Egypt’s Minister of Water Resources and Irrigation, Hani Sweilam; met with Nasr El-Din Haj El-Amin, representative of the FAO in Egypt, Walid Hassan, Senior Natural Resources Officer at FAO, and Naglaa El-Bendary, project coordinator and irrigation expert, to discuss the executive procedures for the “Enhancement of Water Productivity in Agriculture” project.
The project is being implemented by the Ministry of Water Resources and Irrigation and the FAO funded by the Japanese government.
During the meeting, the advisory work accompanying the project was reviewed through the joint study between the National Water Research Center and the Japanese Tottori University to develop the best methods to deal with the challenge of fragmentation of agricultural ownership in Egypt.
The meeting emphasised the importance of expanding the formation of water user associations on the developed courses to participate in planning and design and implementation in preparation for them to receive, manage, operate and maintain those waters and the modern irrigation network later, and contribute to dealing with the challenge of fragmentation of agricultural ownership.
Sweilam stated that the ministry is making outstanding efforts to improve the water management process, maximise the yield from the water unit and increase crop productivity in light of the important interdependence between water and food, explaining that the expansion projects in modern irrigation systems achieve this goal through rationalizing the use of water and increasing crop productivity, which is reflected in the increase financial return for farmers.
He added that the project is integrated with the ministry’s strategy, which includes the transformation of modern irrigation in sandy lands, sugar cane farms and orchards, and the implementation of development works for watering cans by converting them into pressurized pipes with a single-lift system with the use of solar energy as an energy source in line with the policy of the state towards expanding the use of environmentally friendly renewable energy.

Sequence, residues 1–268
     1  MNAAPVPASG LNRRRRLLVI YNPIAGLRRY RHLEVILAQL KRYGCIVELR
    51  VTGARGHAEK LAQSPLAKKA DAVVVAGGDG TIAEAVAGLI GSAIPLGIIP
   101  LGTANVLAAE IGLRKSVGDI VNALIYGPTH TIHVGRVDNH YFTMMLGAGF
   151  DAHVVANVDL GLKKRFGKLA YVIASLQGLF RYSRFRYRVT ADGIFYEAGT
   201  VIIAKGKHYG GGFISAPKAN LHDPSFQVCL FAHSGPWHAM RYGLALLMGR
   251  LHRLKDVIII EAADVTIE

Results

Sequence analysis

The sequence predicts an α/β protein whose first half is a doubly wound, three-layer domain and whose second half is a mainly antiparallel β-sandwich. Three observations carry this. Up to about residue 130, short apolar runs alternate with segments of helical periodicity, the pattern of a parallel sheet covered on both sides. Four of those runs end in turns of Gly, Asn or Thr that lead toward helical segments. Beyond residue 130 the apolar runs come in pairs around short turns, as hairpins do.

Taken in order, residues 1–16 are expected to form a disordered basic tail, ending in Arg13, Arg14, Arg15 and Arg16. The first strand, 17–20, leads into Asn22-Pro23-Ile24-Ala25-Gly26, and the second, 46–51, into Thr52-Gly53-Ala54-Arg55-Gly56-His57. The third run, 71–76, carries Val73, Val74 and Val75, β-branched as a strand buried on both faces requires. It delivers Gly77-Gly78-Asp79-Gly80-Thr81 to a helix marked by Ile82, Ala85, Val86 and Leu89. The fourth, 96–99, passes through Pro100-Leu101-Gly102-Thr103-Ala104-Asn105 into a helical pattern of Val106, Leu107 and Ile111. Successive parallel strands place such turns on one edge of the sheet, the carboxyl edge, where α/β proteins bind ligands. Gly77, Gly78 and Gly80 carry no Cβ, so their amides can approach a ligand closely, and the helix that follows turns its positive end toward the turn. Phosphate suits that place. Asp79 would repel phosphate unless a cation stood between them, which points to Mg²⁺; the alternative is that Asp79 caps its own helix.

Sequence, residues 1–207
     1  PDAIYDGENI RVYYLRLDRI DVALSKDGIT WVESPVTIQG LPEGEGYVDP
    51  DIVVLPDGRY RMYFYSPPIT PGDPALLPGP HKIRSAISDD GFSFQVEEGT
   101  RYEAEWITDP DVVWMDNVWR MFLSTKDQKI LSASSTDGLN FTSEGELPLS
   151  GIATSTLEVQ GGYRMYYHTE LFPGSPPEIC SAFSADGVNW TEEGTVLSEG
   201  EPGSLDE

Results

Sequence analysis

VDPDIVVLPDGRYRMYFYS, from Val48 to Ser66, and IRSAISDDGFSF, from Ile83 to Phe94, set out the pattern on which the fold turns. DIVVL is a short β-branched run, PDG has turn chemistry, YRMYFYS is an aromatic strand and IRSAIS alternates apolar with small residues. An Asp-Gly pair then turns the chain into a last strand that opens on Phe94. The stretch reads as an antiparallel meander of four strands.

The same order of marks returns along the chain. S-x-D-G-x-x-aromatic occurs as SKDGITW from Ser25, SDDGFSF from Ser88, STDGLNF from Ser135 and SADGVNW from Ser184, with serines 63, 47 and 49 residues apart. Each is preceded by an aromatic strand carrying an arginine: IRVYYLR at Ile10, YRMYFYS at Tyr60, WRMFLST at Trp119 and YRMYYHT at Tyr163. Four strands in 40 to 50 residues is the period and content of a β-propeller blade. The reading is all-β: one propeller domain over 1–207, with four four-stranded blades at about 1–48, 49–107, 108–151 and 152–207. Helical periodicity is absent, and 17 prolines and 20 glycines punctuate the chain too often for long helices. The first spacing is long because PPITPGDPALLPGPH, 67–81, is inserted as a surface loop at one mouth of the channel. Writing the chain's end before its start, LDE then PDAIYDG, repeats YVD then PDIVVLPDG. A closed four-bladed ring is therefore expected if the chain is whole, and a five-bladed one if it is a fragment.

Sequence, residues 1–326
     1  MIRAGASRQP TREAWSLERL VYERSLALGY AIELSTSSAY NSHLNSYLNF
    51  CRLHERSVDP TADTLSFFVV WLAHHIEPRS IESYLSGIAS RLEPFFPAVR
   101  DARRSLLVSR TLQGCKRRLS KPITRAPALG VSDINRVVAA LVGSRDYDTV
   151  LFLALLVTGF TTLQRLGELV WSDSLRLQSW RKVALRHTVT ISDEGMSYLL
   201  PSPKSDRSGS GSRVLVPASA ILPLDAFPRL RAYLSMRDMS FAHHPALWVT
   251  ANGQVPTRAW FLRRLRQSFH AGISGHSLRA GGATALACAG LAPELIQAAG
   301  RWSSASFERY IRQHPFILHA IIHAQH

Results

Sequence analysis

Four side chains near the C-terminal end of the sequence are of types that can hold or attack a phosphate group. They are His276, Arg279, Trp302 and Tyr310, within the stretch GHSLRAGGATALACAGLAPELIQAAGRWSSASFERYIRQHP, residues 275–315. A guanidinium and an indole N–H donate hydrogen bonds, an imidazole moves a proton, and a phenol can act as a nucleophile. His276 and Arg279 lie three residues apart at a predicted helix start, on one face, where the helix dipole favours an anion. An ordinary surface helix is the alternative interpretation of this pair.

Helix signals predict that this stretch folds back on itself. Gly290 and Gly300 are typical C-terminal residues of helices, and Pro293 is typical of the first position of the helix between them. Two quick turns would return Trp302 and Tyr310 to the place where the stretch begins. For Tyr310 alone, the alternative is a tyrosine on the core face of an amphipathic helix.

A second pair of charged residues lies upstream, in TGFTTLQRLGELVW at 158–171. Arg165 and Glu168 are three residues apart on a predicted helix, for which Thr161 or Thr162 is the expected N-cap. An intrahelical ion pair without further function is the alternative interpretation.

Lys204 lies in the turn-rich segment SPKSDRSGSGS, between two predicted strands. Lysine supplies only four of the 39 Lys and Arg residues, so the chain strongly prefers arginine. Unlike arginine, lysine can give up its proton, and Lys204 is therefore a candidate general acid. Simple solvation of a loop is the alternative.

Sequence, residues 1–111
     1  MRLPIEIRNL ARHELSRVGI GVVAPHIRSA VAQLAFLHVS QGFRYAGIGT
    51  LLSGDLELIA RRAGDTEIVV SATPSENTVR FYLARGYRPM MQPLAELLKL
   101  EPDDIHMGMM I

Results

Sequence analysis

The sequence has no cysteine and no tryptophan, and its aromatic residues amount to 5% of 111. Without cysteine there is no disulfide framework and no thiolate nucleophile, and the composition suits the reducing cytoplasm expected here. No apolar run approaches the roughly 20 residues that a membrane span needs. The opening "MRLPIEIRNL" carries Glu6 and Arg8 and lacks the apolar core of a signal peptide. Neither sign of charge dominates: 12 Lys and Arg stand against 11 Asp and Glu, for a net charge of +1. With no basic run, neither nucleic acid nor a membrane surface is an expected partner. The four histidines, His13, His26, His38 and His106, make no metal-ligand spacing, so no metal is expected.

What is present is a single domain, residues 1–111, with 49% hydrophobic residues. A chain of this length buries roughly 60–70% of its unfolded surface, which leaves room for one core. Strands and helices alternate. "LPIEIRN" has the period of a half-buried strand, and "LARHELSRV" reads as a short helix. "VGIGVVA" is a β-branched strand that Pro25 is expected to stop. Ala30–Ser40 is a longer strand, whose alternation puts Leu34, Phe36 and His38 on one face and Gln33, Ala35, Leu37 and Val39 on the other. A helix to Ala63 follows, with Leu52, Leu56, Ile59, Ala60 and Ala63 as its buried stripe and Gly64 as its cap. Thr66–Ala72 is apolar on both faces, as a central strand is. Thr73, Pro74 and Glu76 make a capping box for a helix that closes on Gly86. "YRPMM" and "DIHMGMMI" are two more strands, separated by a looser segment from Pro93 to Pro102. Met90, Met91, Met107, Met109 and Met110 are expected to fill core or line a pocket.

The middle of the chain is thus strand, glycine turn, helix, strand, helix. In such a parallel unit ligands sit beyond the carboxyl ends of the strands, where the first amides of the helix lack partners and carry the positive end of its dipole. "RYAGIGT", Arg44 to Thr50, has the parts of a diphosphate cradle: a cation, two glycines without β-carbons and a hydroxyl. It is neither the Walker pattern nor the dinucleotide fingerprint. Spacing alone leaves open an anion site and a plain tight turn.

The minister stressed the need to provide the necessary training for engineers and technicians in the ministry and for farmers with regard to the implementation, operation and maintenance of modern irrigation networks in a way that guarantees the sustainability of modern irrigation projects while setting the necessary criteria for choosing who will be trained from among the ministry’s employees to ensure the best benefit from the training.
Sweilam also stressed the importance of expanding the implementation of the pilot fields, which will serve as successful models that encourage more farmers to switch to modern irrigation, while providing after-sales services for spare parts for modern irrigation networks, and providing technical support and rapid maintenance of network components in a way that encourages farmers to switch to irrigation.
He also emphasized the need to select sites for implementing modern irrigation according to the state of the water system, giving priority to some sites such as Siwa Oasis and the New Valley.